We had a Yashica camera which use to come out of almirah only on special events, occasions and with prior permission from dad. It was one of the priced possessions in those days and access to play with it was difficult. Technically speaking it cannot be compared with what we have these days in every house, yet it was fun using it. It use to come with manual focus and camera rolls with capacity to store 36 images in one roll.
For a birthday party, typically we would click few selected ‘moments’ and ensure that the whole event was capture with minimum possible clicks. There was no retake, no adjustments once the posers were ready, no multiple (read n number of photos) photos of same frame – Just ‘Smile’, click and done. The photo sessions were brief. If the event was small, 6-8 images were enough and rolls could last for as much as three months or so. That essentially meant 36 photos in three months. After the camera roll was completely consumed, it use to go to camera parlor to develop photos.
Now the most exciting period use to begin. Putting 36 photos in an album. It use to involve multiple discussions as to which pic will be the opening one and what should be the order of other photos. I have spent many afternoons putting them in order and convincing my sister why my pics should be put the way I wanted, back then. We use to be occupied with it for almost a week or so after the actual pics use to land in our hands.
After the album was ready for viewing, the possible comments were that of either it was a good photo and a bad photo due to improper light. Since there was no real time viewing of what was getting clicked, every family member had to wait for photos to be developed and shared. Each person in the photo would review how he/ she was looking in it and appreciate their beauty if the pic would be good or try to find the photographer for spoiling it.
Obviously terms like ‘Out of focus’, ‘Negative area’, bad composition, depth, cropping where not known commonly. The simple process was to adjust the rays of light, look into the small view and click, only to find the actual results after photos are developed. Sometimes we also had to ensure to slip in the photos clicked without permission so that we could escape scoldings. The access to album was only limited to family members, close guests or relatives who use to visit our place. And then the unlimited session discussing the moments use to begin.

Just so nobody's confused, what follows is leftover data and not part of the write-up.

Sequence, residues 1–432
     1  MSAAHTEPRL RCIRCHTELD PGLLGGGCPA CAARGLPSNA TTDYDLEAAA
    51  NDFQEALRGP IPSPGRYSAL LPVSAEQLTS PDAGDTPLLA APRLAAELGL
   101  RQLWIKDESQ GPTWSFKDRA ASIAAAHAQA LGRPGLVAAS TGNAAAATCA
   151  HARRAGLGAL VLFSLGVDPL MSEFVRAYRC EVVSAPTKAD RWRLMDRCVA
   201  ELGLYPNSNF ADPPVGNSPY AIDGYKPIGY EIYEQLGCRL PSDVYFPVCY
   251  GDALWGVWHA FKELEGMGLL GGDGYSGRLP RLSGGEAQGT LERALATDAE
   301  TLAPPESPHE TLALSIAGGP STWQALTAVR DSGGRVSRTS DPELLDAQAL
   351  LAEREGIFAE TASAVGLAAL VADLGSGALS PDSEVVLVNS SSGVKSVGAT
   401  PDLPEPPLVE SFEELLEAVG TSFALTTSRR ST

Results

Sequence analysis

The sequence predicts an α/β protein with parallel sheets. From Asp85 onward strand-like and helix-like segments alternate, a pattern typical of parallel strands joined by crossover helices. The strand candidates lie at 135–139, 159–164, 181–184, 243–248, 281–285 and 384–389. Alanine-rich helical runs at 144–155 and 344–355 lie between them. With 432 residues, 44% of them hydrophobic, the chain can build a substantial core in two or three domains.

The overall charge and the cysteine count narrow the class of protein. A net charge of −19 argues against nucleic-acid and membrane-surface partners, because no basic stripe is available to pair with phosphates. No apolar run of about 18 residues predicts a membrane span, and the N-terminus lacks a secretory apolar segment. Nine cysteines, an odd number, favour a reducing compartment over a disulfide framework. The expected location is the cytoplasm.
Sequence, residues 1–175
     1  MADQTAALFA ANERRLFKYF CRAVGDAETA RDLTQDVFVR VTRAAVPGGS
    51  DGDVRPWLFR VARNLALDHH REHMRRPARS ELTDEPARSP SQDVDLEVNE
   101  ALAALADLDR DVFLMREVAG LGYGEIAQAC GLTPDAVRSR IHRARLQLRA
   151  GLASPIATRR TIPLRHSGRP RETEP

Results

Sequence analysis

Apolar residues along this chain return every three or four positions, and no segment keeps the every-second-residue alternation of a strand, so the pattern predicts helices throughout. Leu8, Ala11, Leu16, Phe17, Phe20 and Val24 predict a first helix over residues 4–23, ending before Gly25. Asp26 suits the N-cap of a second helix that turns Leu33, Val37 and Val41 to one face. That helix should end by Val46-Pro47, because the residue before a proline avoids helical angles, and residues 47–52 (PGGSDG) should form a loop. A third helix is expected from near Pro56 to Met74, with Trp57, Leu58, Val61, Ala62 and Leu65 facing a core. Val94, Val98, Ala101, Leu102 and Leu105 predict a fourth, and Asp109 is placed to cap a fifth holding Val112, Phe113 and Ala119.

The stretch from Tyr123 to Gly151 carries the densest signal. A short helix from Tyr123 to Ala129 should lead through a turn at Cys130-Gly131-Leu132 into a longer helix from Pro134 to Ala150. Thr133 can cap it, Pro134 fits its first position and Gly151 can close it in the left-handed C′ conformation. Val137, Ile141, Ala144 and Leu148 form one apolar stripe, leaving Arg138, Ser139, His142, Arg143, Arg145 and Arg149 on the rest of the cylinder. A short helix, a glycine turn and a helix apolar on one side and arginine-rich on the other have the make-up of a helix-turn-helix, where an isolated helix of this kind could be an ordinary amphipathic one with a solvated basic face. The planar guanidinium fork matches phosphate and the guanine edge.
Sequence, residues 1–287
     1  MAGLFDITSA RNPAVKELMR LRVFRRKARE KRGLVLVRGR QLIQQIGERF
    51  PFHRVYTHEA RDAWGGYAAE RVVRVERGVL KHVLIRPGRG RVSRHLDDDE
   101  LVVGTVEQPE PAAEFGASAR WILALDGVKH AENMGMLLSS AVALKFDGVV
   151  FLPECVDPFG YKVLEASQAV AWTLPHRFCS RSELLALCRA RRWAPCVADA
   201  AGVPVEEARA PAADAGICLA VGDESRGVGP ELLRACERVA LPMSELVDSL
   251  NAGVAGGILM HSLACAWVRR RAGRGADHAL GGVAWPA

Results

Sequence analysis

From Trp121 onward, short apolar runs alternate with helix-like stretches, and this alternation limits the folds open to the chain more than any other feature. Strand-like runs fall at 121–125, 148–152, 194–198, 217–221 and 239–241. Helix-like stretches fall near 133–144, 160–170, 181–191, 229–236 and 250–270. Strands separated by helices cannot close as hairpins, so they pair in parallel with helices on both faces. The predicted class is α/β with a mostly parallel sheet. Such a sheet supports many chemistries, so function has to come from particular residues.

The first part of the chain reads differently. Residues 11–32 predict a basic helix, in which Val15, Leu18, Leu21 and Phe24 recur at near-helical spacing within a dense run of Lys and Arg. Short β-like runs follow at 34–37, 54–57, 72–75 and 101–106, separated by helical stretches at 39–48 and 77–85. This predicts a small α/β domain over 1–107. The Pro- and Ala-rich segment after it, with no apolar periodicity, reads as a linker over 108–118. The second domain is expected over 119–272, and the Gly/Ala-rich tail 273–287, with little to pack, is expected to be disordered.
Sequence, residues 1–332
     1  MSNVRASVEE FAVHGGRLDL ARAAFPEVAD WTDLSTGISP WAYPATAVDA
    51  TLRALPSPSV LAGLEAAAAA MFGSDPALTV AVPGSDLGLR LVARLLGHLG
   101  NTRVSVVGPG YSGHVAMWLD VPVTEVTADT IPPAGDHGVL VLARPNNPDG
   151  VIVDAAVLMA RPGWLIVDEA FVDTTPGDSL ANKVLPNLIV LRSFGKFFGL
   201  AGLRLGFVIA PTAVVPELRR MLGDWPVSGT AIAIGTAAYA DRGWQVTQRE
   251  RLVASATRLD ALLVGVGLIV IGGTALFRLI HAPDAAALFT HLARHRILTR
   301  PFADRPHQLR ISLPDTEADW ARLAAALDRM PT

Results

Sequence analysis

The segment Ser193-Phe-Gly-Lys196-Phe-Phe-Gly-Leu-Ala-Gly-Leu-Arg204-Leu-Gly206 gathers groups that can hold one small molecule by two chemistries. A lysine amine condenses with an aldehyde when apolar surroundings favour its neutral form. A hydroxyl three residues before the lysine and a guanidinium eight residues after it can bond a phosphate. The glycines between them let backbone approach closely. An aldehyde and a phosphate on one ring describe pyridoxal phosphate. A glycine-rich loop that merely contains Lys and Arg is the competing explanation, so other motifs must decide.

Today cameras have changed and the way albums are discussed is different. There is a click, share and comment – all real time. And in two minutes 20 likes, 10 comments – ‘nice saree’, ‘Awww so sweet..’, ‘Awesome click’, ‘Best every!’ so on and so forth with 90 updates in your account. People become judgmental at the face of the photo. There is no ‘discussion' as such, it just a one-way communication.
There is no worry on how many clicks are taken for a same kind of frame, in-fact the more it is taken, the more satisfying it is to the people posing. There are separate shots for Facebook display pic and cover pic. Life revolves around what we will upload, how people will see, how many comments will follow and how good we might feel. The beauty of that very moment is lost. The value, emotions are not known. It can be attributed to show off directed at few people or it can be a casual update for the loved ones. It can also invite unwanted attention, unacceptable comments. As long as things are taken in positive spirit all look goods.
At the end of the day, we should not forget the very reason behind the success of Facebook – everyone is more interested in somebody else’s life, everyone wants to display what’s happening in his or her life. At times the phenomenon might be forced, societal pressure, peer pressure, out of curiosity or because of boredom.
fOoD fOr ThOuGhT: Live. Care. Share. Laugh. Like never before.
Photo courtesy: Google